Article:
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‘Levelling up’? Don’t count on the Tories

John Harris correctly identifies that, for all this Tory government’s warm words about “levelling up” and “the end of austerity”, all over the country austerity is nonetheless grinding on (Austerity has cut too deep to ‘level up’ – the damage is done, Journal, 10 February).

In my former constituency of Heywood and Middleton, the local authority, Rochdale council, has had to make £180m in cuts since 2010 due to central government underfunding. Rochdale council is one of the 20 worst-hit upper-tier local authorities in the country, spending 27% less now than it did in 2010.

The TUC says that by targeting cuts on central government grants, councils in more deprived areas like Heywood, Middleton and Rochdale have been disproportionately impacted. Councils in more deprived areas are less able to raise significant income through council tax and business rates, and therefore less able to make up the shortfall; a perfect storm for the provision of social care and basic services.

Last week, the Labour party put forward an amendment which called for the government to ensure local authorities are properly funded through a fairer system that properly takes account of deprivation need and differing council-tax bases. That amendment was resoundingly defeated by Tory votes, including that of my successor, who talks the talk of “levelling up” and of putting right the decade of neglect by his party. Sadly for the people who have to live with these cuts, in practice he and this new crop of Tory MPs appear to wish to continue with the austerity project, and are trying to shift the blame on to Labour-run councils.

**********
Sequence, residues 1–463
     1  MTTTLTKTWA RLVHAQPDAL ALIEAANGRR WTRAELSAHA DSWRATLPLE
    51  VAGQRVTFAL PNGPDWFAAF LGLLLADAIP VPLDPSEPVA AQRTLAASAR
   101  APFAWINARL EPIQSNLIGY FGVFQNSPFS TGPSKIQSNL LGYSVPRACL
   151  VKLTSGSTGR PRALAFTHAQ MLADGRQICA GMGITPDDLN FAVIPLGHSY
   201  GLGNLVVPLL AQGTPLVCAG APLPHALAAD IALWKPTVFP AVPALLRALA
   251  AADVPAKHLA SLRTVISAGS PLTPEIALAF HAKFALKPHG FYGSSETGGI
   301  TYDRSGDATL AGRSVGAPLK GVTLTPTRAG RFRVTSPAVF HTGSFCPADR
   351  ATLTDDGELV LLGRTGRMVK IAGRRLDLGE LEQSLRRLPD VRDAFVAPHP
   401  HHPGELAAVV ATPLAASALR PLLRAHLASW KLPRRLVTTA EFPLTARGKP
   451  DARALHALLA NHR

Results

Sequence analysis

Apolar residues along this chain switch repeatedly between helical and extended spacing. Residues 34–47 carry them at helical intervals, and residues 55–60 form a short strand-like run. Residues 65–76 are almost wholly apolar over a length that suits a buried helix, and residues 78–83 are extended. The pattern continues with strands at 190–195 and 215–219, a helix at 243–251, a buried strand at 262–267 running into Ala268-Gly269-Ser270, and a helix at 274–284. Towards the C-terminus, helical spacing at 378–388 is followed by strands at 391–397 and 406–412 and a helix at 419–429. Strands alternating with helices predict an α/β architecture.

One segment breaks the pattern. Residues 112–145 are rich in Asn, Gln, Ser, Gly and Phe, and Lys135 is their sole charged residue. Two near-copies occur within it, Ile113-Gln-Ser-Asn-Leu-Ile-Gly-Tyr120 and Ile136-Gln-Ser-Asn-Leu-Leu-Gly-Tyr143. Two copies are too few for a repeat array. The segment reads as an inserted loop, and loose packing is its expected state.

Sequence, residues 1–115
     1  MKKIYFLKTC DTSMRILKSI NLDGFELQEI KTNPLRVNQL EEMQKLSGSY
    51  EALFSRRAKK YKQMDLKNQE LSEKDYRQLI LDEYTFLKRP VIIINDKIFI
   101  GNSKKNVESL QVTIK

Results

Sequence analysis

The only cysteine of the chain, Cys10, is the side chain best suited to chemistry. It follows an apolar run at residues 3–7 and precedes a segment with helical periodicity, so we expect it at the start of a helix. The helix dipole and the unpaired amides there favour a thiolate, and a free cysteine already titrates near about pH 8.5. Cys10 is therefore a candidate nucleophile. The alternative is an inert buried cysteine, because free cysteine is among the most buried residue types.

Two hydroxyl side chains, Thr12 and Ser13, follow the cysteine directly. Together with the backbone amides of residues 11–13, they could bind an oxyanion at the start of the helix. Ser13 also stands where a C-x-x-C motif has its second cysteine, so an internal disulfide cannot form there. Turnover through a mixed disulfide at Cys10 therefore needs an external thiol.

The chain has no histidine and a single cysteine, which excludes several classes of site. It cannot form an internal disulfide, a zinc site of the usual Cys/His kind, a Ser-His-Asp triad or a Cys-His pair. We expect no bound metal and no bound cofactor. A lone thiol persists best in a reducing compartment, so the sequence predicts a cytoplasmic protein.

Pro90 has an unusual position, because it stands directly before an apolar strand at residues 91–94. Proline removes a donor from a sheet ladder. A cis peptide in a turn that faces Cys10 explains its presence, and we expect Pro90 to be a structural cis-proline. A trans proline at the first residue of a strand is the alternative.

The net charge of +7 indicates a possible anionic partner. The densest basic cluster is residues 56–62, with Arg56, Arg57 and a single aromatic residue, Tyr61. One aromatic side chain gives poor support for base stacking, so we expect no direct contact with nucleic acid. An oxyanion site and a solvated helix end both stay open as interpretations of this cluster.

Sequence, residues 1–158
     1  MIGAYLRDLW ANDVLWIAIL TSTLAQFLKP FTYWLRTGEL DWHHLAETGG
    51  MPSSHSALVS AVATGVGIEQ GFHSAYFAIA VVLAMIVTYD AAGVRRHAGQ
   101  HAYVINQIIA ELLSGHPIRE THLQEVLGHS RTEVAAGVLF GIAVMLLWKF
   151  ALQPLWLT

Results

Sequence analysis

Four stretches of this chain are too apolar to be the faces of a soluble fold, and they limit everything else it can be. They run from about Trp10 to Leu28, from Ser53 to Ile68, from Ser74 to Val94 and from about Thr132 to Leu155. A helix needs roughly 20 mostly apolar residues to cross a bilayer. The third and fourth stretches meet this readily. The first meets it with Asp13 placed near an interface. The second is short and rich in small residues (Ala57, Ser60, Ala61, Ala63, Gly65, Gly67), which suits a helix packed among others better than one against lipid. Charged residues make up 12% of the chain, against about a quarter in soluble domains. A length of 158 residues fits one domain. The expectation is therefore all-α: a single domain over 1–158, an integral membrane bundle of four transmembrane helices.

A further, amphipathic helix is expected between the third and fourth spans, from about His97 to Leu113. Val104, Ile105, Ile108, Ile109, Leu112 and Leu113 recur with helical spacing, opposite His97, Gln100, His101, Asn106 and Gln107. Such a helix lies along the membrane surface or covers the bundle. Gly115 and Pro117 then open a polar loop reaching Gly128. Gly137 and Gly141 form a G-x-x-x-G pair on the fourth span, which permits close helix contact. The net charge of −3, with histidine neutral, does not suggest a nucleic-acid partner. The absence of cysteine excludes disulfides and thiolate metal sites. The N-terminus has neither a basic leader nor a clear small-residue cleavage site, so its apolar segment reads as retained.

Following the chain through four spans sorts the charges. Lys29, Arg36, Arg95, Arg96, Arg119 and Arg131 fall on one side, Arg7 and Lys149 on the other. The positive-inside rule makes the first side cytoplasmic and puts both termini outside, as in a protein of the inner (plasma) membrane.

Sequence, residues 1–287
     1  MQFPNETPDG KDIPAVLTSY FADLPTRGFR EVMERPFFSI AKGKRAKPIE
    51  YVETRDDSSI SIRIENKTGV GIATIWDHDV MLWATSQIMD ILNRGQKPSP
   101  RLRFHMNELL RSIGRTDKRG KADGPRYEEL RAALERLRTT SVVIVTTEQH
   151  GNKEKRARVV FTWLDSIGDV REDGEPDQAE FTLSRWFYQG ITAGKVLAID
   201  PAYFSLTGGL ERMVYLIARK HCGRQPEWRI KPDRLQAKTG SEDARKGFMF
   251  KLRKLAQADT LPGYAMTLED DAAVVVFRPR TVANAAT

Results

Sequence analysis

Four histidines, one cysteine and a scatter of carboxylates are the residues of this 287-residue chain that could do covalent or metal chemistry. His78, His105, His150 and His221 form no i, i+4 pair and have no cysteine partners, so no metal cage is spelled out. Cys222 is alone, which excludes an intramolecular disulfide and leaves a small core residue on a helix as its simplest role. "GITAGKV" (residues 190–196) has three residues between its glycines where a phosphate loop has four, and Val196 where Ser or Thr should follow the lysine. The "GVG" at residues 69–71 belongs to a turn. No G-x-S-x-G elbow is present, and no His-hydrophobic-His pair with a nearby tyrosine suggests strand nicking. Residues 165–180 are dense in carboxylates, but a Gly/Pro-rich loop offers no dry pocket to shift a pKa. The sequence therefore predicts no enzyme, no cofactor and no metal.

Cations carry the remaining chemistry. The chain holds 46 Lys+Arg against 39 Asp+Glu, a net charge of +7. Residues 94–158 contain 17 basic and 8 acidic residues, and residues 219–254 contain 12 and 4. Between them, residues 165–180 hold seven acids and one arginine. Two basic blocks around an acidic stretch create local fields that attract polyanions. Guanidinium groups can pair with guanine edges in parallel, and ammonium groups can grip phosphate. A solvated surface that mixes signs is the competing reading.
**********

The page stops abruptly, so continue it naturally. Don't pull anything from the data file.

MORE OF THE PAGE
Liz McInnes
Former Labour MP for Heywood and Middleton

John Harris’s disturbing article highlights the effect of government cuts on our children’s services. As a teaching assistant at a school in the north-east, I see the damage being caused to children and their families. My MP seems to think that the proliferation of food banks in these parts is due to financial carelessness by users. I have sent him a series of polite letters querying government policies on domestic and military matters. He ignored all these, but sent me a colourful leaflet soliciting my vote in the general election.
Ken Veitch
Greenhead, Northumberland

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